All creation (all things) originated from in Him: within the sphere of His personality reside the creative will and the creative energy, and in that sphere the creative act takes place. Creation was dependent upon Him. The scope of “all things” means just that: the universe of things both visible and invisible, including our souls.
Finally, all things created in Him, tend to Him as their consummation, to depend on and serve Him.
- He is before all things, and in Him all things hold together.
This is where my brain starts exploding and I raise the white flag of surrender. First off, the first two words, “He is,” is an emphatic statement of His existence. He is a person Who exists.
Second, He is before all things in time, meaning He has existed always, before time began. It’s easier for me to grasp this when I remember that eternity is not bound by the dimension of time. Neither is God. Time is a dimension we live within while we press forward on this side of the veil. We understand our lives within the context of time, and we often believe we don’t have enough. Eternity takes care of those constraints.
Third, “He, the All-powerful, All-Holy Word of the Father, spreads His power over all things everywhere, enlightening things seen and unseen, holding and binding all together in Himself. Nothing is left empty of His presence, but to all things and through all, severally and collectively He is the giver and sustainer of life… He, the Wisdom of God, holds the universe in tune together. He it is who, binding all with each, and ordering all things by His will and pleasure, produces the perfect unity of nature and the harmonious reign of law. While He abides unmoved forever with the Father, He yet moves all things by His own appointment according to the Father’s will” (Athanasius).
- He is the head of the body, the church.
The church is often metaphorically described as a body composed of many parts. The head of that body is Jesus Christ, as it can only be Him.
- He is the beginning, the firstborn from the dead so that in everything He might be preeminent.
Jesus is the essential origin of the beginning of the new life, which subsists in the body – the Church. As the first-born of the dead from the dead by His resurrection, He is the beginning of the new spiritual life. In all things universally and in the Church, Jesus gains pre-eminence (in time) through His incarnation and passion (crucifixion), as He is head of the universe in virtue of His absolute and eternal being.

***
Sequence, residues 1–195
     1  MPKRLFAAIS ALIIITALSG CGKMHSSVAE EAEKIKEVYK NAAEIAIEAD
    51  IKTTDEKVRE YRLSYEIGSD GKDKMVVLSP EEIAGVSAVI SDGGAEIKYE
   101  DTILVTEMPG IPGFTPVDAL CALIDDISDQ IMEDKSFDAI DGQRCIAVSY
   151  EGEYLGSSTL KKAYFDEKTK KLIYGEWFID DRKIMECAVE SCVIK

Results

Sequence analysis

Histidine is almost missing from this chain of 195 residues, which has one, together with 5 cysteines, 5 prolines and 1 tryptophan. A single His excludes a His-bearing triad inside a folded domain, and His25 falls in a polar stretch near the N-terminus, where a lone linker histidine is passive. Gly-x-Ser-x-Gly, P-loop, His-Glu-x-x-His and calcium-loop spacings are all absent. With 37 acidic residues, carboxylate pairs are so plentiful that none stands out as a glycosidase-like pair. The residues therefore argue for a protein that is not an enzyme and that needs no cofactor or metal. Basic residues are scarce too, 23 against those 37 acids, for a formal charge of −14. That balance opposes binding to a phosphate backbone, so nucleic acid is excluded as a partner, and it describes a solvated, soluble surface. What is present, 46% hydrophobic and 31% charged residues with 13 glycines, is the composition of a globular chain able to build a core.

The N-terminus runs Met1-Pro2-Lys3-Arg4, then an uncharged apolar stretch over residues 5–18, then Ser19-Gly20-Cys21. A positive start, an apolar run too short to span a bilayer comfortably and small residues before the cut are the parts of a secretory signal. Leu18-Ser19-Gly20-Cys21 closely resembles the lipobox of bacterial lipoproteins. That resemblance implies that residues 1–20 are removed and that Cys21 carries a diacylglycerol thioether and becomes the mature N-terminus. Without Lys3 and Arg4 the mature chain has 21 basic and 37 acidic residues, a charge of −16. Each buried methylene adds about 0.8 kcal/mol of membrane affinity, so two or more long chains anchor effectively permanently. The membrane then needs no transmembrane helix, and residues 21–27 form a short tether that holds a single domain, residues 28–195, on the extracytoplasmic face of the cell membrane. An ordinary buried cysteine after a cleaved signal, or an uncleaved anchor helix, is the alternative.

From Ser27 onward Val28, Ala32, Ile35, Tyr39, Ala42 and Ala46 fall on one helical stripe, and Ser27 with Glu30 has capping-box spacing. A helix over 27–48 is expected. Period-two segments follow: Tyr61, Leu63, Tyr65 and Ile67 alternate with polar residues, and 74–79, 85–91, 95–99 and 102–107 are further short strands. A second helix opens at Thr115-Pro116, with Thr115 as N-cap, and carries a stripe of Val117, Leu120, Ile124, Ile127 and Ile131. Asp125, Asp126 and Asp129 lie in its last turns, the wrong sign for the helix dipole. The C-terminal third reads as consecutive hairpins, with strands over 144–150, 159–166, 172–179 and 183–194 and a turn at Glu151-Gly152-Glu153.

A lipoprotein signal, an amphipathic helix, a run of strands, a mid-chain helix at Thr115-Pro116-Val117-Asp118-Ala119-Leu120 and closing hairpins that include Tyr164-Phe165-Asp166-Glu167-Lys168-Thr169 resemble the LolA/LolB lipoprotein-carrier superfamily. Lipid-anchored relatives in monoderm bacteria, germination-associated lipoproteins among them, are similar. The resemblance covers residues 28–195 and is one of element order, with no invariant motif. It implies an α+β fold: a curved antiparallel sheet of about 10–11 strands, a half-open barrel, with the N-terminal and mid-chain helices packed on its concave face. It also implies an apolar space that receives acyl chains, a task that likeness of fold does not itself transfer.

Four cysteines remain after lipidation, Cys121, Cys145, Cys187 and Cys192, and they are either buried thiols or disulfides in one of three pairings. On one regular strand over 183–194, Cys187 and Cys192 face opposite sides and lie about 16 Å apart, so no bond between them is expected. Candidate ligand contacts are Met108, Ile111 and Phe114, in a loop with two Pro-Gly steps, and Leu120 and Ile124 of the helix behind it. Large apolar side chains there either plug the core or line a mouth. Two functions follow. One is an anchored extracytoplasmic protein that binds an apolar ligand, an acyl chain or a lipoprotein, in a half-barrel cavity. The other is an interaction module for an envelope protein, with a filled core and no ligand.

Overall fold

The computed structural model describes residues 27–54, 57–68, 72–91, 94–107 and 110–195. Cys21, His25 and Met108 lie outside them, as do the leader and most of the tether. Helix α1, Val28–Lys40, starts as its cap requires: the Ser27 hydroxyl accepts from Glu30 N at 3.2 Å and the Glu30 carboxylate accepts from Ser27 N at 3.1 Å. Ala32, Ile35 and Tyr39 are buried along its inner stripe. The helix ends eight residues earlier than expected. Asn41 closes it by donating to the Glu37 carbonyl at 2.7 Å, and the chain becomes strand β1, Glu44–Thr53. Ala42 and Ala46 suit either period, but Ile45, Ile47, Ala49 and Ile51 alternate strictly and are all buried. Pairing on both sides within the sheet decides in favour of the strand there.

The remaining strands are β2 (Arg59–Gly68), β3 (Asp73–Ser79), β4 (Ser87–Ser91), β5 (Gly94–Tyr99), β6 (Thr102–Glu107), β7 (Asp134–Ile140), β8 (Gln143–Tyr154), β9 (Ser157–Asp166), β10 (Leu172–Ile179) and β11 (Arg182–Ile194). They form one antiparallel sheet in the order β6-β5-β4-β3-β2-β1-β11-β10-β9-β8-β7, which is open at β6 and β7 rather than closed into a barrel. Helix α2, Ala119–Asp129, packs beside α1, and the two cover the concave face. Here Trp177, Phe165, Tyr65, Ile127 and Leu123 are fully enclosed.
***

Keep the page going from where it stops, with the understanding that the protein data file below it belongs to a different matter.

- In Jesus all the fullness of God was pleased to dwell.
The fullness of God is the sum total of the divine powers and attributes. In other words, in Christ dwelt all the fullness of God as deity. To sum it all up, He is the image of God, the first-born of all creation, Creator, the eternally preexistent, the Head of the Church, the victor over death, and first in all things.
- Finally, God through Jesus reconciled to Himself all things on earth and in heaven, making peace by the blood of His cross.
It’s a lot, I know. But after all, He’s infinite so what can I say? Hopefully these 1300 or so inadequate words have whetted your appetite to know more. Personally, this is the kind of work that leaves me more peaceful, less fearful, and ready to take on what He wants me to do tomorrow.
 14 But [a]a natural man does not accept the things of the Spirit of God, for they are foolishness to him; and he cannot understand them, because they are spiritually [b]appraised. 15 But he who is spiritual appraises all things, yet he himself is appraised by no one. 16 For who has known the mind of the Lord, that he will instruct Him? But we have the mind of Christ.
 Cited, M. A. (1887). Vincent’s Word Studies of the New Testament III The Epistles of Paul (Vol. III). (D. Marvin R. Vincent, Ed.) Mclean, VA, United States: MacDonald Publishing Company.